Ted Williams’ historic archive runs to more than 100,000 images and comprises perhaps the most intimate and complete collection of Jazz’s greatest musicians at work, rest, and play. He photographed many of the greats in jazz, including Ella Fitzgerald, Duke Ellington, Dizzy Gillespie, and Louis Armstrong.

American jazz trumpeter, bandleader, composer and singer John Birks “Dizzy” Gillespie performing on stage by Ted Williams

Every time I listen to Jazz indoors, I like to watch a slideshow of Ted’s images — not sure what is it I am drawn to at first but I love black and white photography and I assumed that was my initial attraction but it has since pulled my attention to something else. I have photographed music events in Lagos and have consistently shot at the globally acclaimed Felabration Festival back to back since 2014. Afrobeat is a genre whose distant inspiration is somewhere rooted in Jazz, or perhaps better put this way. — “Afrobeat is the 360 comeback that Jazz did after its long odyssey in the west, it found its way back home through the enigmatic Fela Anikulapo Kuti.”

American singer and pianist, Dinah Washington on stage at Civic Opera House, Chicago, IL, US, 1956. by Ted Williams

This is a short article on Jazz, Physics and Photography.

Miles David — Ted Williams

Acknowledging that the world is a big gas chamber and we are just bouncing around, bouncing; molecules and isotopes bumping into charges, creating nothing destroying nothing, just forms aligning in different shapes. Some of the greatest photographs of jazz musicians and acts are in Black and White — grainy, energetic, beautiful and powerful in a gripping way even when the musicians are inactive in a portrait and mostly noisy imagery when they are in action, I love it!

American jazz saxophonist and composer John Coltrane playing the saxophone on stage at Newport Jazz Festival, Rhode Island, US, 1965. by Ted William

The images are a clever use of minimal light in a very poetic way. Taken into consideration the divided state of America at the time, convergence for this kind of music will be done in alternative, poorly lit rooms, parked with believers and enthusiasts, visually enveloped in the best rim light frame, all made better by dark skin tone and sweat and passion rendering striking imagery like the intro to Miles Davis Kind Of Blue and bohemian nonchalance of Charlie Parker’s sounds and the divine compositions of brother Coltrane, again molecules and isotopes playing out randomly leaving behind imprints when exposed against light sensitive surfaces.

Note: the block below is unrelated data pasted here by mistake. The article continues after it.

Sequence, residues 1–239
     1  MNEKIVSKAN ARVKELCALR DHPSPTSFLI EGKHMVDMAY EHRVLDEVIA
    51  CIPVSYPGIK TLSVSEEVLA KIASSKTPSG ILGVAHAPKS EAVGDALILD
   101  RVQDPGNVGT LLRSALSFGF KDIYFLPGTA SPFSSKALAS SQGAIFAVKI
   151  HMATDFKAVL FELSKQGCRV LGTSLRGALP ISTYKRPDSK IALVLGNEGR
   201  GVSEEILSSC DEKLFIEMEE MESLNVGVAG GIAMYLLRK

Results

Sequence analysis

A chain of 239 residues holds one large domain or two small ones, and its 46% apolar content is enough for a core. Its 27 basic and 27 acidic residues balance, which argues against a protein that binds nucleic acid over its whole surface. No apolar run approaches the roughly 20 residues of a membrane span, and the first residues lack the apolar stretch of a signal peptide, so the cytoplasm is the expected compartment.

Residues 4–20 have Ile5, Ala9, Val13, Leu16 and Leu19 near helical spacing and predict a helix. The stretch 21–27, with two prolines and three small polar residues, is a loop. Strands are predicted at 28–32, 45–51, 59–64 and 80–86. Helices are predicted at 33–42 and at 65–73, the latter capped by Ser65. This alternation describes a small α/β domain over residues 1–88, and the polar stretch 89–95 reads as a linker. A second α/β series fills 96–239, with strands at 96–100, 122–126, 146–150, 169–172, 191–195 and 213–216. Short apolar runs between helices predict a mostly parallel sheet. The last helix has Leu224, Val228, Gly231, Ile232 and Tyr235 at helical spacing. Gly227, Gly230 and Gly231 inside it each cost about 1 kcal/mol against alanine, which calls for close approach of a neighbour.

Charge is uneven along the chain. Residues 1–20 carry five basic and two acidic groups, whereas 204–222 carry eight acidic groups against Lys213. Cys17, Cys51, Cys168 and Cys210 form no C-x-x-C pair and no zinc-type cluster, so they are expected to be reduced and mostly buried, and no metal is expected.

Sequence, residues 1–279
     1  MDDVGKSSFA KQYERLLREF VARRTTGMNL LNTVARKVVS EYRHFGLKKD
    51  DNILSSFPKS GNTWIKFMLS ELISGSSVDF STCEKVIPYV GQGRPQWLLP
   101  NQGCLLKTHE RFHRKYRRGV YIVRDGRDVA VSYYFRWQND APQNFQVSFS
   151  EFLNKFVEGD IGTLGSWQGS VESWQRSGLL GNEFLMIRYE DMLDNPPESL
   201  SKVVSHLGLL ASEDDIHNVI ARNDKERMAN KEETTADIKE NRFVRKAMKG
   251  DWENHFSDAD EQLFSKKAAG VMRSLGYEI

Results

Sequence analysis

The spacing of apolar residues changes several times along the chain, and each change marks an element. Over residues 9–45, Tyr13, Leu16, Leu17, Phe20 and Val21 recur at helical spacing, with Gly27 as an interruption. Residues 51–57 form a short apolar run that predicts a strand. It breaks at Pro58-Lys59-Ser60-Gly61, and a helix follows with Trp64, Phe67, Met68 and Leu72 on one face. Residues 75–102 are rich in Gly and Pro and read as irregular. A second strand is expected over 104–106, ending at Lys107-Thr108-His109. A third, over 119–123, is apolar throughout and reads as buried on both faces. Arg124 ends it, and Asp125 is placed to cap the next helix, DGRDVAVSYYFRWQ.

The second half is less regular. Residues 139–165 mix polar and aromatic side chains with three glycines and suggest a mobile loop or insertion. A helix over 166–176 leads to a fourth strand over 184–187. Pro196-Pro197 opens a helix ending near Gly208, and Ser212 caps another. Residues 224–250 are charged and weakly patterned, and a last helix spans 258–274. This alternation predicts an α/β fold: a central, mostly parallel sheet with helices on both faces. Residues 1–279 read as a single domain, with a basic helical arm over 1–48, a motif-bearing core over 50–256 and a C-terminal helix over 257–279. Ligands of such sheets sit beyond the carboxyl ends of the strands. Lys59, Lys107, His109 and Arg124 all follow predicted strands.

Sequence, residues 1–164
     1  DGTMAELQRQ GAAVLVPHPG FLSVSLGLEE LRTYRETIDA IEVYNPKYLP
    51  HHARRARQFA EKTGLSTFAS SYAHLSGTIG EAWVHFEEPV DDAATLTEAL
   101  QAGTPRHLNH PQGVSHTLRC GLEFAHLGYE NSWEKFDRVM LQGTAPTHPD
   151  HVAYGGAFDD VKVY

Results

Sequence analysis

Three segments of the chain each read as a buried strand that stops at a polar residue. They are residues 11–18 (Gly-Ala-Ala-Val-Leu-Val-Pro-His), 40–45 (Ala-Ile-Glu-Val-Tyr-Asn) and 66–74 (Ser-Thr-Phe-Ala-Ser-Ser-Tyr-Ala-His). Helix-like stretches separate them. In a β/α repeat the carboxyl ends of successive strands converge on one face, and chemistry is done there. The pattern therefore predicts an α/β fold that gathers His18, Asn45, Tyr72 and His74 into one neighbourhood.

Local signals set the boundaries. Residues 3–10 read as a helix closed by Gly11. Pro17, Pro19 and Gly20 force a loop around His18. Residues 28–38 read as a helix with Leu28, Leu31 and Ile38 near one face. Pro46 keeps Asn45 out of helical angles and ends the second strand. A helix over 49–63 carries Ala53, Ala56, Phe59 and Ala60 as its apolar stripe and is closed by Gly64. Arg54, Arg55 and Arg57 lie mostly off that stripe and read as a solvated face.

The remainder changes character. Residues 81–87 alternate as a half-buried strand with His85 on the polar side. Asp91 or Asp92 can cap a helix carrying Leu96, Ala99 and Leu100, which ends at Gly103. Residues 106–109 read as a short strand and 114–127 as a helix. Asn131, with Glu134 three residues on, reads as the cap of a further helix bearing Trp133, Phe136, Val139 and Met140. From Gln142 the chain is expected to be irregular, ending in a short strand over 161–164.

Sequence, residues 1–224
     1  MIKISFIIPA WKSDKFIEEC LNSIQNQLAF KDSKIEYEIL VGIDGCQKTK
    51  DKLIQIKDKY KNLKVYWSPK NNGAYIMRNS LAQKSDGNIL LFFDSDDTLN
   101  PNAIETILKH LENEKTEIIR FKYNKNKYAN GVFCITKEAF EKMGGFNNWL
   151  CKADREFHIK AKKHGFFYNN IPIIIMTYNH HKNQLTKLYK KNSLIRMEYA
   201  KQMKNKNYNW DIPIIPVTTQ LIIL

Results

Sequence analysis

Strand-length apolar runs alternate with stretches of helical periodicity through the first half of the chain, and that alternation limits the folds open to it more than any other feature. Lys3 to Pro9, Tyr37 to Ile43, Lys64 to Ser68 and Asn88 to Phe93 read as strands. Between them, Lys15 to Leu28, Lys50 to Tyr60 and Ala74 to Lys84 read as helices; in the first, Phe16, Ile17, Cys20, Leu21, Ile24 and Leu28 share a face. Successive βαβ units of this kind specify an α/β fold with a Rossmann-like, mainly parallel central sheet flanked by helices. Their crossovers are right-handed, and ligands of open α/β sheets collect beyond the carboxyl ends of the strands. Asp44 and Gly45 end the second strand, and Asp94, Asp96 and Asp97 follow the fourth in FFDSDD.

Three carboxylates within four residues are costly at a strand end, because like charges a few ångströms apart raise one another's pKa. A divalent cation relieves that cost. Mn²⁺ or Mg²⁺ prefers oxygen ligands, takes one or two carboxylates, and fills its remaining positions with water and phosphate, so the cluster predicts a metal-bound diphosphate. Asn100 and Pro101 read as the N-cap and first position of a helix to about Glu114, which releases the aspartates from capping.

Silhoulette of American jazz pianist and composer Thelonious Monk performong on stage at Newport Jazz Festival, Rhode Island, 1958. by Ted Williams

American jazz singer and Grammy Award winner, Sarah Vaughan performing on stage at the Blue Note Jazz Club, Chicago, IL, 1958. — Ted Williams

Physics is mostly about the kinetic and potential, i.e. when to hold and when to fold. The exact rules that make a skillful jazz player, a brilliant street photographer, and a highly unpredictable gambler if you get what I mean. Vibrations bouncing high and low — unsure what is next but certainly not lost. Physics, the branch of science concerned with the nature and properties of matter and energy. The subject matter of physics includes mechanics, heat, light, and other radiation, sound, electricity, magnetism, and the structure of atoms. Photography was hatched in science and bloomed through arts both visual and performing.

Herbie Hancock: Ted Williams

Charlie Parker: Ted Williams

Jazz is defined by Google as music of Black American origin which emerged at the beginning of the 20th century, characterized by improvisation, syncopation, and usually a regular or forceful rhythm. Brass and woodwind instruments and piano are particularly associated with jazz.

Billy Eckstine by Ted Williams

Oscar Brown Jr. 2 — Ted Williams

American jazz trumpeter Harold “Shorty” Baker, sidemen with the Duke Ellington Orchestra, performing for the camera, Chicago, 1959. by Ted Williams

I picture Andrew Winongrand in Lagos bouncing around, characterized by improvisation, weaving and snapping away in Yaba Market as I do when I shoot the streets of Lagos with my earphones on blasting away listening with amused eyes bringing me gems click after click in tune with the gift of rise and fall in the decibels of the music that guide my voyage as I observe the human carnival, bouncing around. Bouncing.

This article first appeared on Medium.